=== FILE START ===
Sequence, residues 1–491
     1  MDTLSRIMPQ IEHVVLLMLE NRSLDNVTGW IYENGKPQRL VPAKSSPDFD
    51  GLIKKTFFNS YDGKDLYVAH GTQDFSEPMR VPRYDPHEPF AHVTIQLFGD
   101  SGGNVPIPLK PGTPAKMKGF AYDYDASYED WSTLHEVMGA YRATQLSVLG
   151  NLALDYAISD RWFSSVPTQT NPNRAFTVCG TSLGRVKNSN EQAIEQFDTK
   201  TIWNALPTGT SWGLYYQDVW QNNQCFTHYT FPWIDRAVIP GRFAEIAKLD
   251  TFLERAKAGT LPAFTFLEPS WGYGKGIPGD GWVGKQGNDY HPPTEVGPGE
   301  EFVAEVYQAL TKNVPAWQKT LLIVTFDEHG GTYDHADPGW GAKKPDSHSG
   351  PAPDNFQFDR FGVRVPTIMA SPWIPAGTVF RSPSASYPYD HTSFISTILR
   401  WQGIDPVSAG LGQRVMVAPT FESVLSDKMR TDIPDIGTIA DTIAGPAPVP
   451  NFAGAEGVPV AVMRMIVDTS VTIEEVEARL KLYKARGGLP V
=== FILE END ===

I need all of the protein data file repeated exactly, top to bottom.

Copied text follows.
Sequence, residues 1–491
     1  MDTLSRIMPQ IEHVVLLMLE NRSLDNVTGW IYENGKPQRL VPAKSSPDFD
    51  GLIKKTFFNS YDGKDLYVAH GTQDFSEPMR VPRYDPHEPF AHVTIQLFGD
   101  SGGNVPIPLK PGTPAKMKGF AYDYDASYED WSTLHEVMGA YRATQLSVLG
   151  NLALDYAISD RWFSSVPTQT NPNRAFTVCG TSLGRVKNSN EQAIEQFDTK
   201  TIWNALPTGT SWGLYYQDVW QNNQCFTHYT FPWIDRAVIP GRFAEIAKLD
   251  TFLERAKAGT LPAFTFLEPS WGYGKGIPGD GWVGKQGNDY HPPTEVGPGE
   301  EFVAEVYQAL TKNVPAWQKT LLIVTFDEHG GTYDHADPGW GAKKPDSHSG
   351  PAPDNFQFDR FGVRVPTIMA SPWIPAGTVF RSPSASYPYD HTSFISTILR
   401  WQGIDPVSAG LGQRVMVAPT FESVLSDKMR TDIPDIGTIA DTIAGPAPVP
   451  NFAGAEGVPV AVMRMIVDTS VTIEEVEARL KLYKARGGLP V